- 4 mins read
For anyone involved in tenancy management, 'proportionality' should be a concept that is familiar. However, there can still be some uncertainty as to how proportionality impacts on a day to day basis. The changes in legislation that will undoubtedly flow from Brexit could in due course see proportionality change or even disappear altogether - but in the foreseeable future, it is here to stay.
What is proportionality?
In 2010 the case of Manchester City Council v Pinnock was reported, followed the year later by the linked cases of London Borough of Hounslow v Powell and Leeds City Council v Hall. In summary, these cases looked at the impact of Article 8 human rights defences in mandatory possession cases - cases where a Judge does not have discretion as to whether to make a possession order. Those cases found that occupants do have an ability to raise an Article 8 defence, to challenge the decision to seek possession and to ask the Court to consider the reasonableness of seeking possession by raising an Article 8 defence. Helpfully for landlords however, those cases emphasise that potential Article 8 defences can be defeated if landlords can show that the issuing of proceedings is a "proportionate means of achieving a legitimate aim." Helpfully for landlords, the starting assumption is that their actions are 'proportionate' - but, if a tenant raises a challenge, then proportionality is something that a landlord may have to prove.
Separately, proportionality and the need to show the decision to issue Court action is a "proportionate means of achieving a legitimate aim" was introduced as a potential defence in the Equality Act 2010. Any tenant who is afforded protection under the Equality Act can raise a proportionality defence to any Court proceedings that they face - and it will be for a landlord to prove that the issuing of proceedings is proportionate and reasonable.
Although the same phrase is used in these 2 different contexts, in 2015 the Supreme Court in the case of Akerman-Livingstone v Aster clarified that proportionality defences in Equality Act defences will, in most cases, require a more detailed consideration by a Judge - whereas in Article 8 cases, Judges can more easily dispense with such defences summarily.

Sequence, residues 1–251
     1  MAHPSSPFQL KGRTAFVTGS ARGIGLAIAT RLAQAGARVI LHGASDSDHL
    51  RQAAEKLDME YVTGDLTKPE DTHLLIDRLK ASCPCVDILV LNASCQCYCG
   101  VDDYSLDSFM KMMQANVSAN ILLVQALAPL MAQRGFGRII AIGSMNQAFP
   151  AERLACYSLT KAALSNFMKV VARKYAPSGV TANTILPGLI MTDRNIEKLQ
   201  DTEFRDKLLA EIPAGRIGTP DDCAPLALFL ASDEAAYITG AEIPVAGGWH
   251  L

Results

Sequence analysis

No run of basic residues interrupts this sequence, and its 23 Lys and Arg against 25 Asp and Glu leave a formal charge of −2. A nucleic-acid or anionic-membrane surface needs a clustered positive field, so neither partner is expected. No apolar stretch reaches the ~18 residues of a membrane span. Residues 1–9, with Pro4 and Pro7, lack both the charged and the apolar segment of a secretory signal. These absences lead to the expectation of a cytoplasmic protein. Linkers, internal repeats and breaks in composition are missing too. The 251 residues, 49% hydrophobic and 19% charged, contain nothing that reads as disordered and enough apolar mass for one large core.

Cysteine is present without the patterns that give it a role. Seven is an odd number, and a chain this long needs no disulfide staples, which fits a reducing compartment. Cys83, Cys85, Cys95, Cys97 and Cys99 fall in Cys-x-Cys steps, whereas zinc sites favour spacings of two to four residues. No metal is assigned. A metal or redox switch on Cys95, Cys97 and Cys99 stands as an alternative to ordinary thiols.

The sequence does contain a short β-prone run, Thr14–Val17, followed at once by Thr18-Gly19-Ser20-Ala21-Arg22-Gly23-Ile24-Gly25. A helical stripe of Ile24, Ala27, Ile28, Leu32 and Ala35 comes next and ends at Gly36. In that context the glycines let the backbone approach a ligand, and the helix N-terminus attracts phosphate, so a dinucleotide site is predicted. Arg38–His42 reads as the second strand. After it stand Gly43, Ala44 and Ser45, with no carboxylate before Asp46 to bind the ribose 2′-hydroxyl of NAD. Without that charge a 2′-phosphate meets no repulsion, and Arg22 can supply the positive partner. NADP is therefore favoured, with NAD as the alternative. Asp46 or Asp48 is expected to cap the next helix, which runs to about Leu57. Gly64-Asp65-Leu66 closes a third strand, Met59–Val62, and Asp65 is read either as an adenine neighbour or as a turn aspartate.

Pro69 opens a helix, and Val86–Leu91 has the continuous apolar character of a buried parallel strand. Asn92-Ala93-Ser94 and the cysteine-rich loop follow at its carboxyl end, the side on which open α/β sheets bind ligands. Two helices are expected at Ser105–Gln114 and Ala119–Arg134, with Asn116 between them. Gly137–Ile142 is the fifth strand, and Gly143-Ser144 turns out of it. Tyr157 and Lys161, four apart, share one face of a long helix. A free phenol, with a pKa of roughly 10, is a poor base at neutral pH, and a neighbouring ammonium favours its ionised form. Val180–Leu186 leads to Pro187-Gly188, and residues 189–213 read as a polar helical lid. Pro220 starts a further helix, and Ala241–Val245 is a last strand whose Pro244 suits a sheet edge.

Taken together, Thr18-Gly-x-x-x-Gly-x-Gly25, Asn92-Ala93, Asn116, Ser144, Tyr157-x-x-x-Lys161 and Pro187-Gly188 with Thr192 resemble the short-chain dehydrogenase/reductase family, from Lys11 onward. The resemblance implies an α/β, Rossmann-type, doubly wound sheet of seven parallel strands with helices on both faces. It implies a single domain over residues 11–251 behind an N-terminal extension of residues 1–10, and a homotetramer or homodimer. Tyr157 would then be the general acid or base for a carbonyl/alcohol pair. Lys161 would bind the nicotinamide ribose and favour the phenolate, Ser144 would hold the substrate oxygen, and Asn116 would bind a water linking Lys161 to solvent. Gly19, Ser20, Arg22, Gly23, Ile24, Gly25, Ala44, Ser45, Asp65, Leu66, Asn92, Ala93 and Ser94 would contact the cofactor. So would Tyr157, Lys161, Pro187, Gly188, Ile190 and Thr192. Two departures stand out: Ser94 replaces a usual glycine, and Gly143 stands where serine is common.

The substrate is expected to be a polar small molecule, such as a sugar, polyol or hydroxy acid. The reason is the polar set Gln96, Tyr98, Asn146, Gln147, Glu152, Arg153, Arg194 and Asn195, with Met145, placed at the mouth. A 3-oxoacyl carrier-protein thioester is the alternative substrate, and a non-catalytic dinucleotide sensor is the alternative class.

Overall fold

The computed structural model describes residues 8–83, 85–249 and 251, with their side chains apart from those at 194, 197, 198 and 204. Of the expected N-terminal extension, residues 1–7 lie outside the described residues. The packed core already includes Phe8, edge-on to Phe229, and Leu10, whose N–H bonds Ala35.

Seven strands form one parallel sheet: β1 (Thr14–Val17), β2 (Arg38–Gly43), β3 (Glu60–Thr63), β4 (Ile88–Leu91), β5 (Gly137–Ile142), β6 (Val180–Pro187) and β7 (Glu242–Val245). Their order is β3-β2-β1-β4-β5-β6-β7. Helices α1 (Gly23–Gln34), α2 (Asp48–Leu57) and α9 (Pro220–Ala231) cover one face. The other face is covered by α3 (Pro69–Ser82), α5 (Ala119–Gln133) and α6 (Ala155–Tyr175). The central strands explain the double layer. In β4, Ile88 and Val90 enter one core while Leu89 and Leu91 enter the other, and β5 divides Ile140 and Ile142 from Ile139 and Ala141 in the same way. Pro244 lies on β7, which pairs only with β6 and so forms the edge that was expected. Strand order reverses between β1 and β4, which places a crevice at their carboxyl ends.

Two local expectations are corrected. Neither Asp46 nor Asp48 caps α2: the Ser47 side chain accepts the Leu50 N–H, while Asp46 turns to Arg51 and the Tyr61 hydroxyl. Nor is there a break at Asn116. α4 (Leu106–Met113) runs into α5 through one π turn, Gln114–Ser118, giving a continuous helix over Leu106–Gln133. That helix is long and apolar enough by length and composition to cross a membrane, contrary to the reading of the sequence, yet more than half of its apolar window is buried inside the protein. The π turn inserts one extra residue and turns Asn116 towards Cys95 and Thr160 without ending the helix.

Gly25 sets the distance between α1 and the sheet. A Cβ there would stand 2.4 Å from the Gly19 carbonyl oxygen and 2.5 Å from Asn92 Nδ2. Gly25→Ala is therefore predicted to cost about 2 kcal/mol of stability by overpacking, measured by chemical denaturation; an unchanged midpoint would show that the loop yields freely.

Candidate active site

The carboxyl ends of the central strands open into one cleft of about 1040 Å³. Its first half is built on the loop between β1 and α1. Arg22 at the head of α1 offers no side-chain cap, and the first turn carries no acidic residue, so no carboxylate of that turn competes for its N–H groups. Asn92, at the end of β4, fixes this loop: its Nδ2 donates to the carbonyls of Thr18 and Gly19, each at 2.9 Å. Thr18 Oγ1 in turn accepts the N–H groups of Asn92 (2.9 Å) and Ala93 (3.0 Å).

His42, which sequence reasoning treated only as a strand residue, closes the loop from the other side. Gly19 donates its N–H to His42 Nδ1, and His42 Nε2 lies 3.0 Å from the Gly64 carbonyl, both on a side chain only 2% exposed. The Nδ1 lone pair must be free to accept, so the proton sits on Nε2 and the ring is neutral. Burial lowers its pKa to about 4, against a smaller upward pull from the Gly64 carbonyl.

So how does a landlord fend off a proportionality defence?
In short, if the first time you consider proportionality in a case is when it is raised in a defence, you could possibly already be too late.
Our advice is that the key to dealing with proportionality is preparation and forethought. Approach every Court case on the basis that proportionality may be raised as a defence: if this approach is taken, landlords should be successful in defeating the vast majority of proportionality challenges that are raised.
- If you do feel that Court proceedings are the option you will be pursuing, firstly review the file. Is there anything on the file which refers to any health or perhaps literacy issues? Remember to also check the pre-tenancy information.
- Check any and all policies which may apply to that particular case - and ensure that you have complied. For example if an ASB policy refers to an escalation process, have you followed that escalation process? If you are diverging from policy in any way, can this be justified?
- Linked to the above, have you considered alternative options? The most obvious example is pursuing an injunction as opposed to possession, but it could equally apply to considering a non-Court intervention as opposed to Court proceedings.
- If there are any health - and notably mental health - issues, do ensure that you have sought to raise these with the relevant support agencies. GPs, the CMHT and social services are the obvious examples, but consider others such as local drug and alcohol support agencies.
Most of the above is something that many officers routinely do. However, the crucial final step is to document all of the above. If a proportionality defence is raised, your officers will have to demonstrate that the decision to issue proceedings is reasonable and proportionate. The easiest way to do this is to prepare a proportionality assessment before notice is served ideally - and certainly before proceedings are issued. In one simple document, you can demonstrate that you have considered the case, considered alternatives - and have ultimately decided that it is reasonable and proportionate to proceed. Completing a proportionality assessment is something that can be done once proceedings are issued if it is overlooked initially - but the risk is that if you realise there is a problem at that stage, ultimately you may have to discontinue proceedings, which could be costly.
Proportionality should not be a concept that is to be feared. Equally, it should not be seen as a tick-box exercise. It can take time - a proportionality review for a tenancy with a long history may take several hours to prepare. However, if you can satisfy a Judge that your actions are proportionate, you will significantly increase the prospect of being successful with your Court action.
Preparing for proportionality is time well spent.